|Salary:||Competitive with benefits, subject to skills and experience|
|Placed On:||13th January 2021|
|Closes:||20th January 2021|
The closing date is on 20 January 2021 at 23.45.
This position is for a Senior Laboratory Research Scientist (SLRS) to oversee experimental operations and lead research projects in the Genome Function Laboratory led by Greg Findlay.
To date, tens of thousands of genetic variants in tumour suppressor genes have been deemed “variants of uncertain significance”, meaning it is unclear if they contribute to cancer development. This reflects how difficult it is to interpret the effects of rare variants in the human genome. While we have a foundational understanding of the genes and pathways that contribute to cancer, understanding precisely how different variants in those genes and nearby non-coding regions contribute to disease risk remains challenging.
Our lab deploys genome editing technologies to study the genetics of cancer, with the goal of understanding how every variant seen in a patient contributes to disease risk and treatment response. We implement CRISPR/Cas9-based assays such as Saturation Genome Editing and CRISPR guide RNA screening in human cells as means of cataloguing the functional effects of variants. We use readouts such as RNA sequencing, fluorescence reporter systems, cell growth, and drug selection to ask what effect each variant has on multiple levels of gene function. By performing this work in the context of the human genome, we are well-suited to discover variant effects on gene expression, RNA splicing, and protein function. The large data sets we produce will continue to prove highly valuable for guiding clinical decisions. Further, as we scale this work to millions of mutations, we will build a far more quantitative understanding of the basic genetic mechanisms underlying disease.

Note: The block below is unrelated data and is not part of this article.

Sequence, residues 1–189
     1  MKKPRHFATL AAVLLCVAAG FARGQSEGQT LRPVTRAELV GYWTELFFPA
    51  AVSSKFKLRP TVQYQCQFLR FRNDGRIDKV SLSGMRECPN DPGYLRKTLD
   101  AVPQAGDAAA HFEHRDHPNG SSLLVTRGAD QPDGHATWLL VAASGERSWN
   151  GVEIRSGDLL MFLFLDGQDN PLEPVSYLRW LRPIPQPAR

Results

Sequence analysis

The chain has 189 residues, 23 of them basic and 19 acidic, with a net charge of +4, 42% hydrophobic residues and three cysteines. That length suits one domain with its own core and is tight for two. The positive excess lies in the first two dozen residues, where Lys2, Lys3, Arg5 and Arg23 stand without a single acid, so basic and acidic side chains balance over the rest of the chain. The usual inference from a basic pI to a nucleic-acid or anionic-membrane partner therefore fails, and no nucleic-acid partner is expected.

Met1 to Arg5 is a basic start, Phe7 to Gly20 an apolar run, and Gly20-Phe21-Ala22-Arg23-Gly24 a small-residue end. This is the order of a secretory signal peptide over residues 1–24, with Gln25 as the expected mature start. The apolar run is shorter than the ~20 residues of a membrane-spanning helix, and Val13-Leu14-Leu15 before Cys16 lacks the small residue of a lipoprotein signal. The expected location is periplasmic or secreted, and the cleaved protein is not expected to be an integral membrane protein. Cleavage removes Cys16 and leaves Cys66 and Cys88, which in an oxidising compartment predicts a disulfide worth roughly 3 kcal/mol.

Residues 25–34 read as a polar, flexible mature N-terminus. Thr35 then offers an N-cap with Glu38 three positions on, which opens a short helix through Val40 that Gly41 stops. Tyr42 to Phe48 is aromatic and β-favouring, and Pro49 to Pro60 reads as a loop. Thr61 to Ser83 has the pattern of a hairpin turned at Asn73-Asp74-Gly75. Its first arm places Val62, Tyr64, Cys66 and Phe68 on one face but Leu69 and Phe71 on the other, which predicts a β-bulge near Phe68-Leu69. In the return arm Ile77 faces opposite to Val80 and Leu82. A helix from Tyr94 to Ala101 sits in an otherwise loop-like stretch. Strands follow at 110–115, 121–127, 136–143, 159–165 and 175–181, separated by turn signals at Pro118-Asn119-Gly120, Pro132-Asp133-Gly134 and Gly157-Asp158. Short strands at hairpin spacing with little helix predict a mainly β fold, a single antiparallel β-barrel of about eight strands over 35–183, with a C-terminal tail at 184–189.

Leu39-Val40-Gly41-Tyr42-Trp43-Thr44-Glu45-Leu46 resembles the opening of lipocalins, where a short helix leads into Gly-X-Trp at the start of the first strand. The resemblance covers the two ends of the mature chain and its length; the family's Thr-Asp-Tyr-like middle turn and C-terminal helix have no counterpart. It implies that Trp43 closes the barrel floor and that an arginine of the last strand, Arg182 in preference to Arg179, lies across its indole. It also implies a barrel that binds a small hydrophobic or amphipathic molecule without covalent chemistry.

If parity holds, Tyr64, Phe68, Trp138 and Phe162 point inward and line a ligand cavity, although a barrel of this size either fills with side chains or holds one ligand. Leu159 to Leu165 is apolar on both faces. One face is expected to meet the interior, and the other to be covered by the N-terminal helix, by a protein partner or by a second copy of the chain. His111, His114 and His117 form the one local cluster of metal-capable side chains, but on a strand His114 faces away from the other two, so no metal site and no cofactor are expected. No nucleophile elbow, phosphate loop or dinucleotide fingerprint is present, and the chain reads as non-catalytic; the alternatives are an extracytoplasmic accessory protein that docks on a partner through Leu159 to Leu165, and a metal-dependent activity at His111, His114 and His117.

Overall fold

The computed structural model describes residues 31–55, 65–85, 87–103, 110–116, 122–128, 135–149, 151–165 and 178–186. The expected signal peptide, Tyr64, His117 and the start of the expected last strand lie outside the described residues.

The Francis Crick Institute is a biomedical discovery institute dedicated to understanding the fundamental biology underlying health and disease. Its work is helping to understand why disease develops and to translate discoveries into new ways to prevent, diagnose and treat illnesses such as cancer, heart disease, stroke, infections, and neurodegenerative diseases.
An independent organisation, its founding partners are the Medical Research Council (MRC), Cancer Research UK, Wellcome, UCL (University College London), Imperial College London and King’s College London.
The Crick was formed in 2015, and in 2016 it moved into a new state-of-the-art building in central London which brings together 1500 scientists and support staff working collaboratively across disciplines, making it the biggest biomedical research facility under in one building in Europe.
The Francis Crick Institute will be world-class with a strong national role. Its distinctive vision for excellence includes commitments to collaboration; developing emerging talent and exporting it the rest of the UK; public engagement; and helping turn discoveries into treatments as quickly as possible to improve lives and strengthen the economy.
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